Throughout his administration, President Bush invoked a little-known and less-understood doctrine called the State Secrets Privilege. The privilege allows the Executive to suppress evidence in a court case if, in the Executive's estimation, revealing that evidence in court would compromise national security. The use of the privilege is not unprecedented. Bush, however, didn't merely use the privilege to get evidence thrown out. He tried to have whole cases dismissed. (Please read "The State Secrets Privilege: Expanding Its Scope Through Government Misuse" by Carrie Newton Lyons from the Lewis & Clark Law Review for more information about the abuse of the State Secrets Privilege.)In fact, [Obama]'s Justice Department has gone even further in asserting opacity when it comes to the State Secrets Privilege. On February 27, 2009, the Ninth Circuit Court of Appeals rejected the Obama administration's arguments - which were a continuance of the Bush administrations arguments - that the State Secrets Privilege can be used to dismiss entire cases.Obama is acting terribly like George W. Bush in his assertion of powers that are not his. It doesn't matter if Obama is a great guy, no one person - not even a "benevolent dictator" - can be invested with such broad powers. It's illegal, it's unconstitutional, and given Obama's background as a constitutional law scholar, he should know better. This is not the change I voted for.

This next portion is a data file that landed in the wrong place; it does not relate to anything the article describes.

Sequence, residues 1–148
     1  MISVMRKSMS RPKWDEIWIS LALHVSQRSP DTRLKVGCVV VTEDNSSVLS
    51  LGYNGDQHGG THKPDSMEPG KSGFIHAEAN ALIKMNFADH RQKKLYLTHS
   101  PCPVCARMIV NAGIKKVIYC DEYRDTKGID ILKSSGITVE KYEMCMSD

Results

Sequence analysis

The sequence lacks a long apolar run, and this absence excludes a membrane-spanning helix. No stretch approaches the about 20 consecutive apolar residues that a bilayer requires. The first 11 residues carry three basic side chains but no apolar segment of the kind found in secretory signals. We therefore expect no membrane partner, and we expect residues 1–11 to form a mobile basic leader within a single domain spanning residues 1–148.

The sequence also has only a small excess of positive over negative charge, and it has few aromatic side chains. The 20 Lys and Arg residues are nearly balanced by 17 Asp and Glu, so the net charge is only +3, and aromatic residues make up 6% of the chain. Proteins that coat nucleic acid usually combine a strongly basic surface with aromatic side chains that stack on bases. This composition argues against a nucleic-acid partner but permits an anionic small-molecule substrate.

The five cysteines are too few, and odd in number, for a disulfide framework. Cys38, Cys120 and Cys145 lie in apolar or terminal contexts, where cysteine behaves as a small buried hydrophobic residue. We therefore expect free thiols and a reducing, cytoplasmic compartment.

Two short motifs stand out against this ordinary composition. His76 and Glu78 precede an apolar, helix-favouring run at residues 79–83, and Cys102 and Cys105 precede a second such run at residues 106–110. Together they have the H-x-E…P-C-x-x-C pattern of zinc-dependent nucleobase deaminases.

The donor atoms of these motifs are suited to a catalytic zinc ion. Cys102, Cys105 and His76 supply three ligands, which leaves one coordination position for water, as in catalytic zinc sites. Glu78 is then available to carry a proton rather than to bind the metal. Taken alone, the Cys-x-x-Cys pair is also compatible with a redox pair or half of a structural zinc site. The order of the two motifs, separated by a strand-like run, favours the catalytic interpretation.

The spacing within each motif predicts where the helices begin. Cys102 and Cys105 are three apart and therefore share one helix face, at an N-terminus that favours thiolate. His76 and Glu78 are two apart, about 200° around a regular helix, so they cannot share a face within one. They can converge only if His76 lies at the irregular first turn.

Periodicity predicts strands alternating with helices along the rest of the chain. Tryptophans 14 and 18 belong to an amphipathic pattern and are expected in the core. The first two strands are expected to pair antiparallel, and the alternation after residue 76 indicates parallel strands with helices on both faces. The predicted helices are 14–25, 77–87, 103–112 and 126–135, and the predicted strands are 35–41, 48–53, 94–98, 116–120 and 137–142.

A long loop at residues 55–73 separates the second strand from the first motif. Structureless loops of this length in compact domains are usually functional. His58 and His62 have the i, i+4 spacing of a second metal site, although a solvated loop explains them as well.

Obama Contends President Is Beyond Review: Asserts Powers More Sweeping Than Those Claimed by Bush
Throughout his administration, President Bush invoked a little-known and less-understood doctrine called the State Secrets Privilege. The privilege allows the Executive to suppress evidence in a court case if, in the Executive's estimation, r...